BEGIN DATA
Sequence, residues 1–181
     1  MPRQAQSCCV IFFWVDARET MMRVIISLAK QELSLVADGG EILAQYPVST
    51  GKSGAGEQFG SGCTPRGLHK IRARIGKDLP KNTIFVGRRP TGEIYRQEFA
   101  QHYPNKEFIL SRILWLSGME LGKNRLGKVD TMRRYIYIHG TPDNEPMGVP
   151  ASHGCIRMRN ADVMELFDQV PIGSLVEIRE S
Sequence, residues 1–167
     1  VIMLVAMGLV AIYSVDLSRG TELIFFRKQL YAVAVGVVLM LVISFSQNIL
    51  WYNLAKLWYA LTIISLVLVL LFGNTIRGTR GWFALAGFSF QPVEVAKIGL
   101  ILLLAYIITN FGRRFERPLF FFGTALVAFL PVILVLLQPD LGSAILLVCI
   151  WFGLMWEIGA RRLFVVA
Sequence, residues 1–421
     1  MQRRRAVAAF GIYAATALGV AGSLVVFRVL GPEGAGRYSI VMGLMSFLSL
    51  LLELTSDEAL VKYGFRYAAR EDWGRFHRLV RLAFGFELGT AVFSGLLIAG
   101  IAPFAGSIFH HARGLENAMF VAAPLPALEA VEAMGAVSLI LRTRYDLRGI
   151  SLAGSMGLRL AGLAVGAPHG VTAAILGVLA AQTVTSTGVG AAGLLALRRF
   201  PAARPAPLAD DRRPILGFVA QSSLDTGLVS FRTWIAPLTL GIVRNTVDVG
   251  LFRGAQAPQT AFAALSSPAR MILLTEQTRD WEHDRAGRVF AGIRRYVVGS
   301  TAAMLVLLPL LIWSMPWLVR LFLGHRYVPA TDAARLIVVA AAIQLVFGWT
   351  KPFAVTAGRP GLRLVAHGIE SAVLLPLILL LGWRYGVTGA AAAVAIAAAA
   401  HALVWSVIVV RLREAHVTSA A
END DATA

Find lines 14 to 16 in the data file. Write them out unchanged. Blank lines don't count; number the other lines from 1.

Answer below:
   101  IAPFAGSIFH HARGLENAMF VAAPLPALEA VEAMGAVSLI LRTRYDLRGI
   151  SLAGSMGLRL AGLAVGAPHG VTAAILGVLA AQTVTSTGVG AAGLLALRRF
   201  PAARPAPLAD DRRPILGFVA QSSLDTGLVS FRTWIAPLTL GIVRNTVDVG